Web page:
Stock markets in the United Arab Emirates may face more selling pressure on Sunday after investors started booking profits at the end of last week following strong rallies.
Stock indexes in Dubai and Abu Dhabi fell 1.1 and 1.6 percent respectively on Thursday after both hit their 2015 highs a day earlier. Dubai had risen 30 percent from its March trough to last week’s peak while Abu Dhabi had climbed 11 percent from its 2015 bottom, also hit last month.
Some stocks’ rebound was even more spectacular. Dubai’s Union Properties, for instance, had surged 74 percent from its March low by Wednesday; the stock fell 2 percent on Thursday.
The board of bourse operator Dubai Financial Market will discuss its first-quarter results at a meeting later on Sunday, after the market closes. It may post a profit decline as the value of securities traded on the bourse during the quarter shrank by about two-thirds year-on-year, according to exchange data.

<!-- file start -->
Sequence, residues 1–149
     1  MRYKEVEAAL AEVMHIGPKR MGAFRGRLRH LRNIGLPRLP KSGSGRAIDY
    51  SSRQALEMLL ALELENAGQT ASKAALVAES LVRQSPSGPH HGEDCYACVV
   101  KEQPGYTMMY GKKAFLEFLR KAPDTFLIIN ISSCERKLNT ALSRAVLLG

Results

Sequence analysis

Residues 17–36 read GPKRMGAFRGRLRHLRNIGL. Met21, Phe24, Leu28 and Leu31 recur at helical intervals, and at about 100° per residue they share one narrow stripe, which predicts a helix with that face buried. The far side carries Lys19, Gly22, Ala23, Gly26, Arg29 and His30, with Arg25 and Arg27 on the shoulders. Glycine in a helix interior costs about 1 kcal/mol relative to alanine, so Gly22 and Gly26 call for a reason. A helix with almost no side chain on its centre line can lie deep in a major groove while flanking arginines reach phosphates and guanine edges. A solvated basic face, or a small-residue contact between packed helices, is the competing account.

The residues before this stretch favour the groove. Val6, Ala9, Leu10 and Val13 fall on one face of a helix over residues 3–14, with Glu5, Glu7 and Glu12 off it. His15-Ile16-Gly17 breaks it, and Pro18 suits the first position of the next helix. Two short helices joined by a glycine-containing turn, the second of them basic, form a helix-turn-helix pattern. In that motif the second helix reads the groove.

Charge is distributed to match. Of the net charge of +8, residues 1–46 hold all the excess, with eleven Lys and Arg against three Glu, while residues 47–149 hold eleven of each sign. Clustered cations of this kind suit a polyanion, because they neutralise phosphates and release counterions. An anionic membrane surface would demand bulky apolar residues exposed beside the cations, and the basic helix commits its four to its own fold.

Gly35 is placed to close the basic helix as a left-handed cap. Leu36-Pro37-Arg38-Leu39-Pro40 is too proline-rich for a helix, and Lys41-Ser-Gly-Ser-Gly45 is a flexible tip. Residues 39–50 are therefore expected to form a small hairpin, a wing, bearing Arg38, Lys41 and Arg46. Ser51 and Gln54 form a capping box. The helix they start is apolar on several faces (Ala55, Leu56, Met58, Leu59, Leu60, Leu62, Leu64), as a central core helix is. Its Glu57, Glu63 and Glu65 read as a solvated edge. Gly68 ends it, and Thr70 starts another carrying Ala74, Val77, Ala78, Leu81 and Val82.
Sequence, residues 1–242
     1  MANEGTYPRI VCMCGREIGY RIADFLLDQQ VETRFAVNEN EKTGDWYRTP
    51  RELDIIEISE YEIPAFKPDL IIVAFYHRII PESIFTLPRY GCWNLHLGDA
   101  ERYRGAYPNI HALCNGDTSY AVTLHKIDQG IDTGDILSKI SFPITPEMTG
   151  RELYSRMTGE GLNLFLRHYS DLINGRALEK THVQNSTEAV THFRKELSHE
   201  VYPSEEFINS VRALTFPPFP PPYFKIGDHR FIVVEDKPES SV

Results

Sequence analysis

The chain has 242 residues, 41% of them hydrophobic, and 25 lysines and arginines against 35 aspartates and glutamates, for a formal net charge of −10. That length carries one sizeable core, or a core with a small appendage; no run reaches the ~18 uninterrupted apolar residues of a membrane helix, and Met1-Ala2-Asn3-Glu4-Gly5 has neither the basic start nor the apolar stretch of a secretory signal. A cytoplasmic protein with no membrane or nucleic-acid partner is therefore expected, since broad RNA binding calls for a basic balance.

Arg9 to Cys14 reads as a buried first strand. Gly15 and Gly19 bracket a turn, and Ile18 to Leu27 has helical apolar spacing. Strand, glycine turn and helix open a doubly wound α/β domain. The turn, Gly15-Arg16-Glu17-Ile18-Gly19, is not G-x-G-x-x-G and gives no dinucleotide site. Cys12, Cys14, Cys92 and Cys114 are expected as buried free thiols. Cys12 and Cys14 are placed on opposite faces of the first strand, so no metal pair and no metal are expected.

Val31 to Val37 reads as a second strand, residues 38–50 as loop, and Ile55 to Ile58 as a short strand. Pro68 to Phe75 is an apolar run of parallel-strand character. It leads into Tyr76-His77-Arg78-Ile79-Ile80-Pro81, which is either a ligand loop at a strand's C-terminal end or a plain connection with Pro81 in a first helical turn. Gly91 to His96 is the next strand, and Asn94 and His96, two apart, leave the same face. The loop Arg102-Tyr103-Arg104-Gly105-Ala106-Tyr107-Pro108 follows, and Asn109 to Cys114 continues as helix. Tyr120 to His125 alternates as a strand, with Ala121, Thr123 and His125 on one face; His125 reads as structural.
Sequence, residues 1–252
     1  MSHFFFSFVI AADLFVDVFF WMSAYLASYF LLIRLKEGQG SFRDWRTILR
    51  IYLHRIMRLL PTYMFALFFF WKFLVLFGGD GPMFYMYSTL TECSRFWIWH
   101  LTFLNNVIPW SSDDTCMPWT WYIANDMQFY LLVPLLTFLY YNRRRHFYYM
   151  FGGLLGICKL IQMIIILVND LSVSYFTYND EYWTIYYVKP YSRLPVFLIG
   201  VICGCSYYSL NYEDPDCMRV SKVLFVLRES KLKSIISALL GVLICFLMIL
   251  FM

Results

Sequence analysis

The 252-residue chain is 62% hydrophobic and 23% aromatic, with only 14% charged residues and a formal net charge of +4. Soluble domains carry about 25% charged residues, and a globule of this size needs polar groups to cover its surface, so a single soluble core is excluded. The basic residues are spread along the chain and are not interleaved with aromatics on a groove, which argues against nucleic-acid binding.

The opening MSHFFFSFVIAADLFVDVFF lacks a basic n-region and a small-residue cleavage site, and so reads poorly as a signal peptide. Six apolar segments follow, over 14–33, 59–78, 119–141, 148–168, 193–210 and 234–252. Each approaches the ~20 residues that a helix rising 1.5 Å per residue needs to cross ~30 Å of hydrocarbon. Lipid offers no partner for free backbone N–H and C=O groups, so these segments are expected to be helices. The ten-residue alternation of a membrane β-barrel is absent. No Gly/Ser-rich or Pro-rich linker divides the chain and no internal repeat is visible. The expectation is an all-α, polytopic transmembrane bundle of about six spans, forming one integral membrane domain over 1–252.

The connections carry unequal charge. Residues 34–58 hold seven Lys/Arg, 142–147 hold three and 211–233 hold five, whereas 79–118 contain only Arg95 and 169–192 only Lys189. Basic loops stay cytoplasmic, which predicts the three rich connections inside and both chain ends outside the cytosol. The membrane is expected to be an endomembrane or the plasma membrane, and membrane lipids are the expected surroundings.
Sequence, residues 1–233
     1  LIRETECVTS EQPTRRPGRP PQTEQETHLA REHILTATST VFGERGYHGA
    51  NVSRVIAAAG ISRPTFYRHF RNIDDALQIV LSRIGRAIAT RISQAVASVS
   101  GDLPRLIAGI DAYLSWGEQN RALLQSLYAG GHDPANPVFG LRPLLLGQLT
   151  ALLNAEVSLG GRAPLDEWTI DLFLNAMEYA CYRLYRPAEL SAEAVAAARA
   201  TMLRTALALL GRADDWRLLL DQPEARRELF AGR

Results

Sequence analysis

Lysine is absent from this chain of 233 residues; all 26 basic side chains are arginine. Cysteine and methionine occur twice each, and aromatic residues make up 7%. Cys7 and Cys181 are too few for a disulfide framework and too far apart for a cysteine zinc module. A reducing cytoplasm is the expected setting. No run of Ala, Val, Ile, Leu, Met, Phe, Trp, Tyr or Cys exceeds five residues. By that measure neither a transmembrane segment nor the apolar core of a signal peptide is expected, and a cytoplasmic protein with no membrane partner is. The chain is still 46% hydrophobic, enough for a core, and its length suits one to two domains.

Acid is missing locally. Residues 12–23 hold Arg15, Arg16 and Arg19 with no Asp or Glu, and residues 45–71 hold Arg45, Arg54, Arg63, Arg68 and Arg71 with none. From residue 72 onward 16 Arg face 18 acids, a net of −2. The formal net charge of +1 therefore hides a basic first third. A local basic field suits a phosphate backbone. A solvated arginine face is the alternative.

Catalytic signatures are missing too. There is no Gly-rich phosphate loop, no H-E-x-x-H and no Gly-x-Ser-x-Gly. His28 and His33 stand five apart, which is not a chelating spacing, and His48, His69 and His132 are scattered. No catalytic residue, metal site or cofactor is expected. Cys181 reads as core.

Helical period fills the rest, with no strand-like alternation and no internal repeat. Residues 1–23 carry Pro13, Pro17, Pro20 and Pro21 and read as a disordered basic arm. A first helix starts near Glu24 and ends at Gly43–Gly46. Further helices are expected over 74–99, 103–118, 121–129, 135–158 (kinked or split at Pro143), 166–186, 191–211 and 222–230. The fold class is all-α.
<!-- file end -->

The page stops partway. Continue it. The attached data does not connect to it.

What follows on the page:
However, positive news may support some companies such as DAMAC, which said on Sunday it had a development site on Al Reem island in Abu Dhabi and the project there, which was awaiting approvals, would have a sales value of about 1 billion dirhams ($272 million). It provided no details.
Another Dubai firm, retail start-up Marka, said on Sunday its acquisition of a 60 percent stake in children’s entertainment centre network Cheeky Monkeys had cost about 30 million dirhams and would boost its revenues by 17.3 million dirhams this year, 35.5 million next year and 46.1 million in 2017.
In the wider Gulf region, markets may be supported by strong oil after Brent hit a 4-1/2-month high of $65.80 a barrel on Friday. Global equities also rallied on that day and NASDAQ hit an all-time high.
However Saudi Arabia’s index, which last closed at 9,615 points, still faces major technical resistance in the 9,572-9,745 point area, where the 200-day average roughly coincides with the March peak.
In Egypt, the central bank’s decision to keep its benchmark interest rate unchanged late on Thursday was no surprise to the market: all five economists surveyed by Reuters had forecast such an outcome.
The Cairo index began recovering late last week after a bout of weakness which some market players attributed to new tax rules regarding capital gains and dividends. Most Egyptian companies have yet to post first-quarter results.